Freight class is a system used in transportation to describe the type of cargo being shipped. The freight class is essential in determining how much you will pay for shipping and how your shipment will be transported.
Terms to know to understand freight classes:
- FCL (full container load): This is the most economical way to ship products in large quantities. It involves loading your entire shipment into a standard 20-foot or 40-foot container, which can fit up to 20 pallets. The cost varies depending on how much space your cargo occupies in each container.
- LTL (less than truckload): This option is best suited for those who need just one or two pallets of goods shipped at once rather than an entire shipment. It’s also more cost-effective than FCL since no charges are associated with transporting empty space inside the container. However, your goods will share container space with other small shipments to make up a full container.
Freight classes and how they’re determined
The freight class is a classification system that describes the type of cargo being shipped. The shipping industry assigns a freight class to every shipment to help determine the shipping cost.
There are several factors that determine freight shipping class, such as:
- Commodity and density
There are currently 18 freight classes that range from Class 50 to Class 500. The lower the class number, the less expensive it is to ship. The type of commodity and the density are generally the most important factors in determining the class number.
Examples of the freight class and the commodities they represent include:
- Class 50 – Nuts, blots, steel rods
- Class 100 – Boat and car covers, wine cases
- Class 250 – Flat screen TVs, bamboo furniture, mattresses and box springs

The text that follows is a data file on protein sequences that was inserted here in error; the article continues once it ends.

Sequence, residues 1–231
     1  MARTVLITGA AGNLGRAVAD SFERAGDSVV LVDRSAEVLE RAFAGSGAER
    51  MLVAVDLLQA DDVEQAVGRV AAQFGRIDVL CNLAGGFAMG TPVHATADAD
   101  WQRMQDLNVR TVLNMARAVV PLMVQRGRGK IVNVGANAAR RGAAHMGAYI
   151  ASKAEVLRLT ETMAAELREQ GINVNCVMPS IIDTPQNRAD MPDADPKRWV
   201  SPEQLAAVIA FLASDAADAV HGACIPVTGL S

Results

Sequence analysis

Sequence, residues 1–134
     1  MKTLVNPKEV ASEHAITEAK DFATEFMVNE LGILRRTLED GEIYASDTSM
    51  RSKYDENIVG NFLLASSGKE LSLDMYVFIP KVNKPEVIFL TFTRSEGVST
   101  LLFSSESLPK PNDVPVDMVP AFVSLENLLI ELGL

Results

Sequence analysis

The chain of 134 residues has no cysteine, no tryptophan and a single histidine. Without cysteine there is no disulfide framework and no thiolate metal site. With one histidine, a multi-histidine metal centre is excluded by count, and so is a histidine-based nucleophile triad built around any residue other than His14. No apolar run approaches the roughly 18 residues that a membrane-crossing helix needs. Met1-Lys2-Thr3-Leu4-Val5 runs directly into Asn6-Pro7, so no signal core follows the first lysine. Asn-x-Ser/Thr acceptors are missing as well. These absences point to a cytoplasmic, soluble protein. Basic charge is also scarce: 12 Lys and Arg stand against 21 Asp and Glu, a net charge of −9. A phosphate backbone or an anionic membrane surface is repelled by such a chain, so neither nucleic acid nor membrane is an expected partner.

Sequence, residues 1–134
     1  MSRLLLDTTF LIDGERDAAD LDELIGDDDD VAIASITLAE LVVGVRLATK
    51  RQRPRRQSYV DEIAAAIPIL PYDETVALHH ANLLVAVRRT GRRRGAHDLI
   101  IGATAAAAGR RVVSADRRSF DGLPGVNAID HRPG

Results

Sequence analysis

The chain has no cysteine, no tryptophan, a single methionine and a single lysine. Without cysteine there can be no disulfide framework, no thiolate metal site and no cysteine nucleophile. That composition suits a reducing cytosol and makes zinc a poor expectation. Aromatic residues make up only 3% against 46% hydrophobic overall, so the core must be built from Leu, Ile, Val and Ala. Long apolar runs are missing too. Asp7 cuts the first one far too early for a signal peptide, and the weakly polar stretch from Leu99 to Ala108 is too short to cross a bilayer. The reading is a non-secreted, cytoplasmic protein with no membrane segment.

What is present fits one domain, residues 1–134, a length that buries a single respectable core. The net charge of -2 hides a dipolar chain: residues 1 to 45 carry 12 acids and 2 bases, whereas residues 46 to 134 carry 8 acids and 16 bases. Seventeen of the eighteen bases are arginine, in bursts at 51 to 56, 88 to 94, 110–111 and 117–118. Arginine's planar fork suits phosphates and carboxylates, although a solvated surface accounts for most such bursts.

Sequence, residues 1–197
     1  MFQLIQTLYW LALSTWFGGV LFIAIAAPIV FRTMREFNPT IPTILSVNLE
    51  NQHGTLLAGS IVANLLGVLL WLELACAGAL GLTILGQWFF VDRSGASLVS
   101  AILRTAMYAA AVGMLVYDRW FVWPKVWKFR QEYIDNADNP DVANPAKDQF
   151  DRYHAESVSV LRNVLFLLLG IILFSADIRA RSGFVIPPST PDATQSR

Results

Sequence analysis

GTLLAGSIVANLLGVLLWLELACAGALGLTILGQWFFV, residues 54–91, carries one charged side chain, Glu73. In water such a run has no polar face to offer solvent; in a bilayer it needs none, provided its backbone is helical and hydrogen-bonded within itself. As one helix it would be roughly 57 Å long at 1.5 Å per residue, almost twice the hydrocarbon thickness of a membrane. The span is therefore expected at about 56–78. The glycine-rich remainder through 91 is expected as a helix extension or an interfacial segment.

Accurately identifying the freight class for your shipment is essential for managing LTL freight and can help you avoid unnecessary costs.
Switching to another freight class
If there are any changes made to the contents of your shipment, you may need to change freight classes. For example, if you’re shipping hazardous materials, such as propane tanks and flammable liquids, there may be additional handling or liability charges that would be associated with a different freight class.
Any changes in the density or weight of your package may also impact the freight class of your shipment. If you’re unsure of what class is the correct one, check with your carrier.
Preparing your cargo for shipping
Before shipping your cargo, you need to make sure that the packages are correctly packaged and labeled. You also need to have all the documentation required for shipping. The information your carrier needs for your shipment includes:
- Date of shipment
- Description of packaging type
- Description of goods being shipped
- Freight class
- Estimated value
Ensuring that your cargo is properly prepared for shipping can help prevent obstacles in the shipping process and save you money.
Understand how it all affects you.
The freight class code allows carriers, customs authorities, and you to determine the type of cargo being shipped. Carriers use these codes to determine how much they will charge you for shipping. Customs authorities use them to assess duty and taxes based on the country of origin. In addition, some countries require that importers provide their classification number when importing goods into their country (for example, China).
For carriers and customs authorities to correctly classify your product, you need to know what type of freight class code it falls under so that they can assess accurate fees or duties on your shipment when entering other countries’ borders.
Knowing about freight classes can help you make more informed decisions about shipping costs and carrier options.
Additionally, knowing what type of cargo you’re transporting can help determine which carriers offer service options best suited for those particular types of goods. This helps ensure safe delivery without additional fees due to damage caused during transport or poor packaging choices made by yourself or third parties involved with handling arrangements before the pickup date.
Talk to your carrier for more information
You can find out which freight class code applies to your shipment by contacting the carrier or checking their website. The codes are usually listed on the packing slip or bill of lading (BL).
To get more help with freight and logistics, contact our friendly shipping experts at Sutton Transport, and we’ll walk you through what you need to know.